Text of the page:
By Devon Wendell
Finally the official autobiography of funk music’s most innovative architect is here.
There have been many books on George Clinton and the P-Funk legacy; many including interview excerpts but this is the first time we get the pure “uncut” details of Dr. Funkenstein’s life. Clinton has teamed up with best-selling Brooklyn fiction and nonfiction writer Ben Greenman (The Slippage and Meta Blues (co-written by Questlove) to help present a candid, personal look inside Clinton’s life, which has spanned more than half a century in the music business.
This book has Clinton cover his entire life. Clinton was born literally in an outhouse in North Carolina. He then became a popular hairstylist in Plainfield, New Jersey where he formed his barber shop quartet in the early ‘50s. After being inspired by Frankie Lymon And The Teenagers, he formed The Parliaments which started off as a doo-wop group that sang on street corners. After Motown came on the scene; Clinton’s sound became slicker as he and The Parliaments tried to get signed to Motown’s label.
After a brief stint writing for various Detroit labels and recording many popular sides with The Parliaments, including the mega-hit “Testify” on Revilot, Clinton and the other members of the group couldn’t keep their suits clean like The Temptations or their sound. George also began absorbing the influence of ‘60s psychedelic rock and absorbing plenty of LSD as The Parliaments morphed into Funkadelic.
From then on there was no stopping Clinton. Funkadelic fused the influences of Jimi Hendrix, Cream, and Sly And The Family Stone. Funkadelic became one of the wildest, most outrageous, and subsequently one of the first post-Hendrix black-rock groups of the time. Clinton had lost the rights to the name The Parliaments at the time and Funkadelic became his main focus.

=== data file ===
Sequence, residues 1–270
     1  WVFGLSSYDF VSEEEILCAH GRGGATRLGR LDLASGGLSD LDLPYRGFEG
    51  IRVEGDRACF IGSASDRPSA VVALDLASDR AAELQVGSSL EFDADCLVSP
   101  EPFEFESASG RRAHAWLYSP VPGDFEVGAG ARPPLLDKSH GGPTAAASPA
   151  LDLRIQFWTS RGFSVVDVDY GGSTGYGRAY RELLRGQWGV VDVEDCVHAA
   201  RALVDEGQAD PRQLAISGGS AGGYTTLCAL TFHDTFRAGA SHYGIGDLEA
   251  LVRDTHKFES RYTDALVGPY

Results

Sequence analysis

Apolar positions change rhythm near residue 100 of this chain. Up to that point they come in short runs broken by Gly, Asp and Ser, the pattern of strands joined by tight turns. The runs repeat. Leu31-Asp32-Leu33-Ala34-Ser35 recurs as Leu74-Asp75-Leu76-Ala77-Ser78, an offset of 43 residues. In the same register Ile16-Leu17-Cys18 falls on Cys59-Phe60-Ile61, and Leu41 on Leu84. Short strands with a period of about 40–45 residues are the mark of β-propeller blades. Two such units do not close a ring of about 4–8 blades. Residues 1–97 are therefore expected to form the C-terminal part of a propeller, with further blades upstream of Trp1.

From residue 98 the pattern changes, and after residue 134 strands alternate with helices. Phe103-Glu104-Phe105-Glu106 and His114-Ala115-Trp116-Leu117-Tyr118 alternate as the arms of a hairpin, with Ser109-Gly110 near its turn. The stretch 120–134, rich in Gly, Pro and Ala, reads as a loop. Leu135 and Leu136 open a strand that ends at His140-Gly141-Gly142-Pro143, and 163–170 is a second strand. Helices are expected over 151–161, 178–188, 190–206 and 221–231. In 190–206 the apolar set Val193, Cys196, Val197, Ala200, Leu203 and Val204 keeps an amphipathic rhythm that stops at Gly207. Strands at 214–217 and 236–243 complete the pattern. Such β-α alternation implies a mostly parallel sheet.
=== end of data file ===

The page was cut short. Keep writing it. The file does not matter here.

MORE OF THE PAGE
Funkadelic was mainly an underground force to be reckoned with during early ‘70s. Mainstream success had eluded Clinton until he had gotten the rights back to the name The Parliaments and signed with Neil Bogart’s label Casablanca in 1974. George simply changed the name to Parliament. With the major contributions of Bootsy Collins, Bernie Worrell, Garry Shider, and every artist in George’s funky collective, both Parliament and Funkadelic took the ‘70s and by storm, changing black music forever. Clinton was the first artist to present funk as both an attitude and a way of life which is clear in every chapter of this book.
From tales of the mothership landing onstage in front of thousands of P-Funk fans in the late ‘70s, to gruesome stories of drug abuse, crooks, and lawsuits, readers of this memoir get an inside look as to how this conceptual genius thinks and continues to move forward in an ever changing music industry. The odds were always stacked against Clinton and his ever-growing group of vagabond musicians but he has never stopped looking to the future and has never given up hope. Like Miles Davis; Clinton has never been one to get stuck in or by nostalgia.
A seemingly countless number of hip-hop artists have sampled P-Funk’s music beginning in the 1980s to the present. But, instead of dismissing the art form, George has encouraged the hip-hop community and even has incorporated his own “Rhythm and Rhymes” into the genre. Clinton also collaborated with Dr. Dre, Snoop Dog, Ice Cube, Chuck D and Flavor Flav of Public Enemy and many other hip-hop innovators. And he has produced and collaborated with such alternative rock bands as The Red Hot Chili Peppers And Primal Scream during the ‘90s who were heavily influenced by Funkadelic’s guitar driven funk.
Fans will be overjoyed by Clinton’s details, never heard before, of Parliament/Funkadelic recording sessions and tours. Clinton’s humorous wit, intelligence, and unique philosophies make this one of the most entertaining autobiographies or “memoirs” to surface in many years.